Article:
With the advent of the “little blue pill” men’s sexual health has been thrust into the public eye and now, rather than worrying in embarrassed silence about “performance” issues, men are able to openly seek the help they need to function at their best. This is good news for the 30 million American men who suffer from erectile dysfunction or ED.1 And because 70 percent of ED cases are physiological in nature (it’s not just in your head) and often a sign of some other serious health issue, it is wise to address and correct the underlying physical imbalances that are hindering performance in the first place, ensuring both shortterm happiness and long-term health.
According to legend, Casanova — the Tinder master of his time — regularly ate a breakfast of 50 oysters. Turns out he could’ve doubled as a nutritionist if he’d been able to get out of the sack. In addition to being high in B12, oysters contain more zinc than any other food source ( almost five times your daily DV). This nutrient is essential for testosterone production, and when your T levels droop, so does your business. Like other bivalves, oysters are high in D-aspartic acid, an amino acid that has been shown to temporarily boost low testosterone levels and improve sperm quality in infertile men.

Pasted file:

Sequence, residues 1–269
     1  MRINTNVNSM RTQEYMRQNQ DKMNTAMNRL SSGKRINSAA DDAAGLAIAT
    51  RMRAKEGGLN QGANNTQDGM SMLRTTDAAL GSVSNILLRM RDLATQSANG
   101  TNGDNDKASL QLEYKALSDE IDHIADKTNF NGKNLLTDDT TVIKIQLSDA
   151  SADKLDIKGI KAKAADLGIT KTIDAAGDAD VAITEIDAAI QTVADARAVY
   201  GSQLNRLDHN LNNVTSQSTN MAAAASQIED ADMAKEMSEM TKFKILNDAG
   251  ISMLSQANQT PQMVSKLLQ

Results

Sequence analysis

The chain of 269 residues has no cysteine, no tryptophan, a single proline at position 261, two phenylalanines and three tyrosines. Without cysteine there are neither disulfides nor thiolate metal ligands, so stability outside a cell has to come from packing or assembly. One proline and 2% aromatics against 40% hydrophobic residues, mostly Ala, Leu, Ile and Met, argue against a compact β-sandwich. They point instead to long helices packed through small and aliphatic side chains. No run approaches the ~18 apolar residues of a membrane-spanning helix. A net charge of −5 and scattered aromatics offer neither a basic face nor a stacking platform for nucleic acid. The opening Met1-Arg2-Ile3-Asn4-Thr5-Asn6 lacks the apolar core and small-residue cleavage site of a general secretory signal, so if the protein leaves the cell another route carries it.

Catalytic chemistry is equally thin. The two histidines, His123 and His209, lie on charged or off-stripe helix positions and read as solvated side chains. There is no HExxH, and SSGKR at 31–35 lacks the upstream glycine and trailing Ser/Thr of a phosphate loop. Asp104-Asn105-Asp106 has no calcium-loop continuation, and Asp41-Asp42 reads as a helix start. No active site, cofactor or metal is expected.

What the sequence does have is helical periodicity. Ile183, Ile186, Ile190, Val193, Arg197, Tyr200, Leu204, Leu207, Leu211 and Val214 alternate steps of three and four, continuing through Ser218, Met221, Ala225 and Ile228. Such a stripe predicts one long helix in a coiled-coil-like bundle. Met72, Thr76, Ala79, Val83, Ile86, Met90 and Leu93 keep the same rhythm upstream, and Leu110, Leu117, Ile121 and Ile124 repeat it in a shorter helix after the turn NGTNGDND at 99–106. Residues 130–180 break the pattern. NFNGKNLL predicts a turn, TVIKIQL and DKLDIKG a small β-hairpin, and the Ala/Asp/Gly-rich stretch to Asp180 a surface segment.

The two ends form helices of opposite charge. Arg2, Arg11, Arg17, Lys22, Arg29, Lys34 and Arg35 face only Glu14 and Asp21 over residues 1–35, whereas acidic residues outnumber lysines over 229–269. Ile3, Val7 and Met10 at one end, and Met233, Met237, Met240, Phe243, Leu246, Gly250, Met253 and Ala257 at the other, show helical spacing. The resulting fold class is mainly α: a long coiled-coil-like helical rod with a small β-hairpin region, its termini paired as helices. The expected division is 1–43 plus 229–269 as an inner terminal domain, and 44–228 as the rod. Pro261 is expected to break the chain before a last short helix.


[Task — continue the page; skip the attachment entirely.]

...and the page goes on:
To understand the physiology of erectile dysfunction, we need to know erection first. An erection occurs when impulses from the brain and genital nerves cause blood to fill the two chambers known as the corpora cavernosa in the male penis. This causes the penis to expand and stiffen. Anything that blocks these impulses or restricts blood flow to the penis can result in ED. This block may be caused by psychological, neurologic, hormonal, arterial, or cavernosal impairment or even from a combination of all these factors.3
If you have symptoms of ED, it’s important to check with your doctor before trying any treatments on your own. This is because ED can be a sign of other health problems. For instance, heart disease or high cholesterol could cause ED symptoms. With a diagnosis, your doctor could recommend a number of steps that would likely improve both your heart health and your ED. These steps include lowering your cholesterol, reducing your weight, or taking medications to unclog your blood vessels.